First DUI in San Diego
DUI Traffic Stop – Was there Probable Cause?
After a DUI arrest, it’s easy to assume that the evidence the police have collected is too much to overcome. The arrestee may have failed a field sobriety test, or been found to be over the legal limit in a breath or blood test. Even if this is the case, it’s important to understand that the law provides several safeguards to ensure that the police did not violate the rights of the arrestee when collecting evidence. Any evidence that is collected in violation of these rights should be suppressed, or thrown out, and may leave the prosecution with no choice but to dismiss the case. In most of these cases, the admissibility of evidence often boils down to whether the police had “probable cause”.
The first hurdle the prosecution must overcome, is proving that the initial traffic stop was permissible. In other words, the police must show that they had some reason to pull the driver over.1 At this stage, any traffic violation is sufficient to warrant a stop; even if it does not immediately suggest that the driver is under the influence. For example, a broken tail light, expired registration, or rolling a stop sign all permit the police to stop the vehicle. While there are a number of violations that can lead to a lawful stop, the prosecution still bears the burden of proving that the reason for the stop did in fact exist. If the police report states that the driver was initially stopped for rolling a stop sign, but eye-witness or video evidence proves that a full stop was made, the traffic stop should be found invalid, and the resulting evidence should be suppressed. This prevents the police from pulling over cars without cause, and remains in effect even if the stop ultimately reveals evidence that the driver was over the legal limit.
Furthermore, in DUI cases involving a lawful traffic stop, the prosecution still must prove that probable cause existed for the DUI investigation.2 This means the prosecution must point to specific and articulable facts that reasonably suggest that the driver is under the influence. For example, a broken tail light or expired registration by itself in no way suggests that the driver is drunk. The police must be able to point to additional facts such as slurred speech, the smell of alcohol, or some erratic behavior before a DUI investigation can be initiated. If the prosecution cannot point to these facts, evidence obtained as a result of the investigation should be suppressed.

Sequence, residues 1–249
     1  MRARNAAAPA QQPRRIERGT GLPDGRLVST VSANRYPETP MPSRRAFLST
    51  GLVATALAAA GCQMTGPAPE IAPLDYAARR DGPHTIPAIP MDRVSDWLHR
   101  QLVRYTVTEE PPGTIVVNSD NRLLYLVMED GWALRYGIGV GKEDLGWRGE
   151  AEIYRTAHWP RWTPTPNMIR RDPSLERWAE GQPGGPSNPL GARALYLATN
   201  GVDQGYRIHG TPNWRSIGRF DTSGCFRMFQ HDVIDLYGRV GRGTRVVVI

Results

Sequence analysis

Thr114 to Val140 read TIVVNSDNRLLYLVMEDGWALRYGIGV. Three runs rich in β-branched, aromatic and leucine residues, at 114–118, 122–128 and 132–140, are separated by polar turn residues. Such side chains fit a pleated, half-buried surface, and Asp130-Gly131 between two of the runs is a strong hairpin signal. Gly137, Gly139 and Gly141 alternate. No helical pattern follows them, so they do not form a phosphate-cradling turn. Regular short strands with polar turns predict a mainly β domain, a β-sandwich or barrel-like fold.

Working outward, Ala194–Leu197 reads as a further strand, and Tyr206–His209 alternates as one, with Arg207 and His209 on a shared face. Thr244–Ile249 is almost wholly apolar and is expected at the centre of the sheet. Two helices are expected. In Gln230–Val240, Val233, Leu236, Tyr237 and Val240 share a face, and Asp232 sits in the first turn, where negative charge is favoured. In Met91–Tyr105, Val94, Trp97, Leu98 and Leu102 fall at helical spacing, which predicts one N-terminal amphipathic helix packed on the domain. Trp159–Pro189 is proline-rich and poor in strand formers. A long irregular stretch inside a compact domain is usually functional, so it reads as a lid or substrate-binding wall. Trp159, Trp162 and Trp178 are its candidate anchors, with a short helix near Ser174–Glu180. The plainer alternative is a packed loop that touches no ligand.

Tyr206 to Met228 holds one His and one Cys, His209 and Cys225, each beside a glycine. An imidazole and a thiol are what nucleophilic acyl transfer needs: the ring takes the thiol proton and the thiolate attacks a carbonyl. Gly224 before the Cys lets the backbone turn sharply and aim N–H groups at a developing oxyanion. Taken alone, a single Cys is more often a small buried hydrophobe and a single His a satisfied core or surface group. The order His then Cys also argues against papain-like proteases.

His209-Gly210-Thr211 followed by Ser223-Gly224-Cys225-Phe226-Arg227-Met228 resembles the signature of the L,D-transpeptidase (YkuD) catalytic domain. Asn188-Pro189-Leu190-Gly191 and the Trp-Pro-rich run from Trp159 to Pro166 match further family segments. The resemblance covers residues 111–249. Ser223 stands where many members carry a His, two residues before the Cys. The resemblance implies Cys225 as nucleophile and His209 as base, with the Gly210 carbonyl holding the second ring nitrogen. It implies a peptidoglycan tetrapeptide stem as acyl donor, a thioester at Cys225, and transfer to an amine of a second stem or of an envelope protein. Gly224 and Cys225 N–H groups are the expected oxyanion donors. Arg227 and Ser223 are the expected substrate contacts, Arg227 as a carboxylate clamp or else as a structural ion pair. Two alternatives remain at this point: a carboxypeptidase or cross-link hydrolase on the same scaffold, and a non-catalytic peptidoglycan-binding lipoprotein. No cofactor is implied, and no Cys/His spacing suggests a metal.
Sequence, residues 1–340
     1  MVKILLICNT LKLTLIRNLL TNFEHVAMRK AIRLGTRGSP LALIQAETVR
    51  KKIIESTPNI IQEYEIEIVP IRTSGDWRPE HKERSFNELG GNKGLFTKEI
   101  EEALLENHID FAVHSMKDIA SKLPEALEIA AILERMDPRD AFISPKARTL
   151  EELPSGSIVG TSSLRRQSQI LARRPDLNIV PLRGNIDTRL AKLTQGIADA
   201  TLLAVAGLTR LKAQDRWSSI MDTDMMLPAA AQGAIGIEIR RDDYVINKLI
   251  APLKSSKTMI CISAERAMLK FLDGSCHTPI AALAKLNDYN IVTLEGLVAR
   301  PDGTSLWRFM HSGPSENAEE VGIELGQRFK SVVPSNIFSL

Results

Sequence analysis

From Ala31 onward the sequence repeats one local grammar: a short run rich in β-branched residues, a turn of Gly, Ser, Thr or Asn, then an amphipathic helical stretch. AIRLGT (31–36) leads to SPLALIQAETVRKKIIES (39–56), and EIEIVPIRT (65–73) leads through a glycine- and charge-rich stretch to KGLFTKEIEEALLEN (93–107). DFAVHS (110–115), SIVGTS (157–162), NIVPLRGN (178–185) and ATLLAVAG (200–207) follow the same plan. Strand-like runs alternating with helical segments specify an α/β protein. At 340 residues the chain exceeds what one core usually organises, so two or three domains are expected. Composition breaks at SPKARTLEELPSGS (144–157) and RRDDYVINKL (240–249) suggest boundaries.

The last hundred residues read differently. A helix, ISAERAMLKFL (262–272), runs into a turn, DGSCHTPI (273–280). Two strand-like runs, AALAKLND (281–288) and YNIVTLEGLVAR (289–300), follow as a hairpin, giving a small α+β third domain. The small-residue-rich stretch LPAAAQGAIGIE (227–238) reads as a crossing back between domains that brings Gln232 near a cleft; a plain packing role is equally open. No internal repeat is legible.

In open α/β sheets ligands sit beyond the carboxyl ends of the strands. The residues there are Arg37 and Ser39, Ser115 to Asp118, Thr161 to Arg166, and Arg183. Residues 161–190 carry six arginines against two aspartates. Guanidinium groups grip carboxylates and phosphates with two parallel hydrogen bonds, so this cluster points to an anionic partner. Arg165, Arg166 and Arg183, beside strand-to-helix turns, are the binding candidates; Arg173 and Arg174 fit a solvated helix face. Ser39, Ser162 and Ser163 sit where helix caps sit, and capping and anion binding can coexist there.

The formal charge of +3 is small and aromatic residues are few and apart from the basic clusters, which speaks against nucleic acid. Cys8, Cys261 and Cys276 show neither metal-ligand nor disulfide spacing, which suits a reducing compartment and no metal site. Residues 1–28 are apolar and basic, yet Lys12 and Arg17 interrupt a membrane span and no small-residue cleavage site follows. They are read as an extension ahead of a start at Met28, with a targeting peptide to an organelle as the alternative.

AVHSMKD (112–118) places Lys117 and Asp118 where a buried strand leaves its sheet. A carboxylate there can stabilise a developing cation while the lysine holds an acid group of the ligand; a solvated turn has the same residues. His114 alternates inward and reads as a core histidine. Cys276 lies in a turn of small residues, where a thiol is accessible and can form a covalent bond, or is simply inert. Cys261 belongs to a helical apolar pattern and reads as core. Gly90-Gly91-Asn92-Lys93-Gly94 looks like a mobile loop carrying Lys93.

Finally, in addition to the traffic stop and investigation, the police also need probable cause to make the actual DUI arrest.3 Typically, this will be proven with evidence of a failed sobriety or breath test. However, it’s important to remember that the police must follow the law in all of the steps leading up to the test. Essentially, if a breath test should not have occurred, evidence of the test should not be admissible.
If you, or someone you know, has been involved in a DUI arrest, do not assume that evidence of intoxication is sufficient to lead to a valid arrest or conviction. It’s important to consult an attorney to ensure that your rights are being protected at every stage of the case.
If you are arrested for your first DUI, you may be unfamiliar with the California legal system, especially as it relates to DUI law. A private attorney at San Diego DUI Attorney can walk you through the steps of the DUI process as well as determine the most effective defense strategy to ensure a positive outcome.
According to California Vehicle Code Section 23152, it is illegal to operate a vehicle if any of the following are true.
- You have a blood alcohol concentration (BAC) of 0.08% or higher.
- You are driving a commercial vehicle with a BAC of 0.04% or higher (see Commercial Driver’s License Suspension in San Diego for more information).
- You are addicted to drugs.
- You are under the influence of alcohol, drugs, or both.
In order to find you guilty of a DUI in California, the prosecutor must prove, beyond a reasonable doubt, that you were in physical control of a motor vehicle and that you had a blood alcohol concentration (BAC) of 0.08% or higher at the time.
Penalties for a first-time DUI depend on a number of factors, including the circumstances of your case, your particular judge, and your prosecutor. A conviction for a first offense DUI involving no death or bodily injury typically mandates, but is not limited to, the following.
- A fine of between $390 and $2,000, which includes penalty assessments.
- The successful completion of an alcohol treatment program. If your BAC was at or below 0.2%, you are required to attend the program for 9 months.
- A jail sentence of 48 hours.
- Suspension of your driver’s license for a minimum of 30 days, followed by driving restrictions (you may request a restricted license, which only allows you to drive to and from work and your alcohol treatment program).
A DUI attorney can help
When faced with a DUI for the first time, it’s crucial to avoid either a felony or a misdemeanor conviction. An experienced San Diego criminal defense attorney, with expert knowledge of DUI cases, will help you navigate the legal system and ensure the best possible outcome.
San Diego DUI Attorney specializes in DUI and criminal defense law, serving clients in San Diego, Vista, El Cajon, Oceanside, Chula Vista, and other San Diego County communities.
Contact our office today at 619-535-7150 for a FREE DUI consultation.
1 People v. Ramirez, 59 Cal. App. 4th 1548; People v. Jones, 126 Cal. App. 3d 308 2 Terry v. Ohio, 392 US 1, 20. 3 United States Constitution, Amendment IV